05 of 09
Tortitas, little fried patties, and croquetas (same concept, different shape) are everyday food all over Mexico. They are sometimes made with meat or chicken, but often consist of leftover vegetables or leafy greens bound together with breadcrumbs and egg and fried or deep fried. Patties and croquettes are made year round by thrifty homemakers, but they really come into their own during the meatless days of Lent and Holy Week. Try your hand at some basic potato croquettes or some tuna (or salmon) ones.
06 of 09
Fridays in Lent are supposed to be meatless, and this is intended as a penitential exercise. Honestly, though, it’s hard to be penitential, with access to such delicious Mexican fish and seafood dishes! Don’t miss out on White Fish in Creamy Cilantro Sauce and Fish Veracruz Style. Don’t shy away from ceviche, either, whether it be Fish Ceviche or Shrimp Ceviche. Once you’ve got those dishes down pat, branch out with some other Mexican mariscos recipes.
07 of 09
Vegetable and Mushroom Sautees
Vegetable side dishes become main courses in Mexico during Lent, but to tell the truth, these foods are so flavorful that it’s anything but a sacrifice to feature them at a meal! Chopped calabacita squash is exquisite when sautéed with corn kernels and diced onions and tomatoes.
Then there's the perennial favorite a la mexicana treatment available for veggies—so called because it contains the three colors of the Mexican flag: green, white, and red. The green is usually a small amount of chopped fresh chile pepper (such as serrano chile or jalapeño); the red is generally peeled, chopped tomato; and the white is often diced onion. Sautee these three ingredients with some chopped squash, cauliflower, or chayote, and you are in for a real treat.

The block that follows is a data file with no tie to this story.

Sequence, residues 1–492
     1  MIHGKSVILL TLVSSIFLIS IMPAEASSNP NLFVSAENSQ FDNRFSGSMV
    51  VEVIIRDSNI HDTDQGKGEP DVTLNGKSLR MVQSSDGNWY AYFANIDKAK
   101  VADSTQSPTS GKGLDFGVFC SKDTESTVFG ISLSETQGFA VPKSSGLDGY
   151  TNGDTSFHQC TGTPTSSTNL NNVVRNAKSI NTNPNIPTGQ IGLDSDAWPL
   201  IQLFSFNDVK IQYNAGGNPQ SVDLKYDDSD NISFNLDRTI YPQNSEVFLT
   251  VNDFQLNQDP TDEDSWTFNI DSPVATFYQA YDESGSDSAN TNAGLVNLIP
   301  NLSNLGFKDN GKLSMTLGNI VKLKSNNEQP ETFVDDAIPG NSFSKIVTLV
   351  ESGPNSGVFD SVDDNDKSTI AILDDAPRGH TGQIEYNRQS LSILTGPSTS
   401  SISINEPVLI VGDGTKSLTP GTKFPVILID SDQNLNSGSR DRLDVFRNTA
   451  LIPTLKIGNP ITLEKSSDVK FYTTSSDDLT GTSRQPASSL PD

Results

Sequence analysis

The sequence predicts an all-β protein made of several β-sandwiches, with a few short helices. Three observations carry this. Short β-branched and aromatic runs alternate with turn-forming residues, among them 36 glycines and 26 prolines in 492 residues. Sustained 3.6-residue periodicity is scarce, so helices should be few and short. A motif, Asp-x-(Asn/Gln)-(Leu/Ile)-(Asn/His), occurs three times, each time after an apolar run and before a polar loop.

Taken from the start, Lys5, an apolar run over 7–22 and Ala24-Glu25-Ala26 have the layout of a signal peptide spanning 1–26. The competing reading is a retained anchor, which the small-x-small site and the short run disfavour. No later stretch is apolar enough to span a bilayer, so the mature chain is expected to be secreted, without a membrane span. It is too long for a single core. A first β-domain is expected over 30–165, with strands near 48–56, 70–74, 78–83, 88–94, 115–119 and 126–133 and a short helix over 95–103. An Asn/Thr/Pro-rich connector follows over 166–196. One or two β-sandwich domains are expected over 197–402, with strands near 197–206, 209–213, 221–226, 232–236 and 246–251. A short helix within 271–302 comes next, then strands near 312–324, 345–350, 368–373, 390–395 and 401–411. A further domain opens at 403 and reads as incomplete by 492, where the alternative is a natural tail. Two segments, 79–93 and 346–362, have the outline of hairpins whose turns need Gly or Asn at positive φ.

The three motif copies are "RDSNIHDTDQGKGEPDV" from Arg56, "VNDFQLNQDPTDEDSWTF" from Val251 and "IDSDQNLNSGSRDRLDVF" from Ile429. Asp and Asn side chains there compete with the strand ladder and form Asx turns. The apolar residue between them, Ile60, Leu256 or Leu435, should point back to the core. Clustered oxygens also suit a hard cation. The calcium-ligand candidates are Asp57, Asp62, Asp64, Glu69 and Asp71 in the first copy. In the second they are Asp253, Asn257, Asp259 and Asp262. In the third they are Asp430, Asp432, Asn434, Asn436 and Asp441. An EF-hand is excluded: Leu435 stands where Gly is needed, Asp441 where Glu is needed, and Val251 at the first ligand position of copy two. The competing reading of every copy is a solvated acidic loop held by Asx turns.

As for mushrooms, because of their “meaty” texture and rustic flavor, fungi make a great occasional substitute for meat. Sautee some chopped mushrooms and diced onion with a sprig of epazote in real butter (or good quality pork lard if you don’t need to avoid pork) to make a delicious filling for tacos or quesadillas. Mushrooms can also be prepared “a la mexicana” by sauteeing them until tender with diced onion, tomatoes, and fresh chile pepper.
08 of 09
Tuna croquettes (mentioned above) are always a favorite, and it’s easy to make tuna tacos. But did you know that canned sardines and canned mackerel can be just as tasty? Try your favorite meatloaf of meatball recipe with canned fish instead of meat, and you’ll see what I mean. Or toss well-drained canned fish with chopped lettuce, onions, and tomatoes, then drizzle with your favorite dressing for a great salad.Continue to 9 of 9 below.
09 of 09
Lent is the perfect time to enjoy cheese-stuffed Chiles Rellenos, but peppers are not the only vegetable being stuffed in Mexico at this time of year. Round or oblong calabacita squash (similar to zuchinni squash, though lighter in color) are often hollowed out and stuffed with cheese and diced onions sautéed with the scooped out squash. This dish is often served with a spoonful of tomato-y broth as a sauce. Other veggies, like eggplant or chayote, can be treated in a similarly toothsome manner.